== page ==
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Sequoia Capital will be divided into three pieces, with its China and India operations separated

Sequoia Capital, one of the largest venture capital firms globally, has announced plans to divide its global partnership into three separate geographic units, citing an “increasingly complex” environment. Sequoia China and Sequoia’s Southeast Asian arms will become independent businesses by next year. The restructuring aims to embrace a “local-first approach” to better serve the unique dynamics and investment opportunities in each region.

The decision was conveyed to limited partners by Sequoia partners Roelof Botha, Neil Shen, and Shailendra Singh. Botha oversees Sequoia’s U.S. and Europe business, while Shen and Singh manage the China and Southeast Asia divisions, respectively. The restructuring is expected to be completed by March 31, 2024.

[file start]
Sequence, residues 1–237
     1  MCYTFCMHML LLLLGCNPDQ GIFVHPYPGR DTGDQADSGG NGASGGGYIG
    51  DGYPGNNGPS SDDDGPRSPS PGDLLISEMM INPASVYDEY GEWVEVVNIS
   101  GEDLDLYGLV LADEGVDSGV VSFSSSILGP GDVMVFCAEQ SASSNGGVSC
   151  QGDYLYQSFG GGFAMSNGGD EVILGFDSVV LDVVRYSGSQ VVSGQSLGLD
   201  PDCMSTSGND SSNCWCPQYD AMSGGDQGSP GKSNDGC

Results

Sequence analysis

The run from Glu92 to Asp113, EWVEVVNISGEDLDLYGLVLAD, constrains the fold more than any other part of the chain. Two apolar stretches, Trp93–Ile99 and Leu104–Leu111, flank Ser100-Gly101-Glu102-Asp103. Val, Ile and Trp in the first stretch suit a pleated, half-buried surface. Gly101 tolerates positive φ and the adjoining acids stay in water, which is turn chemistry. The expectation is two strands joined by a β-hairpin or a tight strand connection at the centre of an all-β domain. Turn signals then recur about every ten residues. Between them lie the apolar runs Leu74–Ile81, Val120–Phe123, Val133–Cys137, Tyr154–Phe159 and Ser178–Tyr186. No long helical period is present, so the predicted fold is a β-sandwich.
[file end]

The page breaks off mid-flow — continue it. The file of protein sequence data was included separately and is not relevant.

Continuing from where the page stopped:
The move comes amid rising geopolitical tensions between the U.S. and China, leading to increased scrutiny of Chinese investments by American businesses. Additionally, venture investment in the U.S. has declined significantly compared to previous years.

Sequoia’s Chinese arm has been involved in profitable investments, including in TikTok’s parent company, ByteDance, which has faced scrutiny from U.S. regulators and lawmakers. The restructuring reflects the differing fundraising and investment strategies of each region, with Sequoia China opting for multiple funds while the U.S. and European businesses focus on the Sequoia Capital Fund.

Sequoia Capital, known for its successful investments in companies like Apple, Google (now Alphabet), PayPal, and Zoom, will retain its branding in the U.S., while Shen’s Chinese fund will be named HongShan, and Singh’s Indian unit will be called Peak XV Partners.

The decision to separate the partnerships aims to address market confusion and portfolio conflicts, allowing each unit to better navigate the unique dynamics and investment landscapes of their respective regions.


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